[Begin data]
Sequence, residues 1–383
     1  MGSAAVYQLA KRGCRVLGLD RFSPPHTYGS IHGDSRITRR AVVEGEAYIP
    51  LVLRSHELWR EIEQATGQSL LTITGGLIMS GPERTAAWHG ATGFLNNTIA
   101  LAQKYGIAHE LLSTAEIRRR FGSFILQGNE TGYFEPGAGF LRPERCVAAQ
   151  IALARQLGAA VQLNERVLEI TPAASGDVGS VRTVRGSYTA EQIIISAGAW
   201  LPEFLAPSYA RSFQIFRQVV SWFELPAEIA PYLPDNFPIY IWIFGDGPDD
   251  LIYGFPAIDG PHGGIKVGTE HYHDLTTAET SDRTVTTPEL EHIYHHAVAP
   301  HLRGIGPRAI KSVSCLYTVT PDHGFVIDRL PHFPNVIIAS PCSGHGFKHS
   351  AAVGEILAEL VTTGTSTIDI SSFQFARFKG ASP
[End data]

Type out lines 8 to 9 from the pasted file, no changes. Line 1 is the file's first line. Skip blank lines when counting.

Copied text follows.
   301  HLRGIGPRAI KSVSCLYTVT PDHGFVIDRL PHFPNVIIAS PCSGHGFKHS
   351  AAVGEILAEL VTTGTSTIDI SSFQFARFKG ASP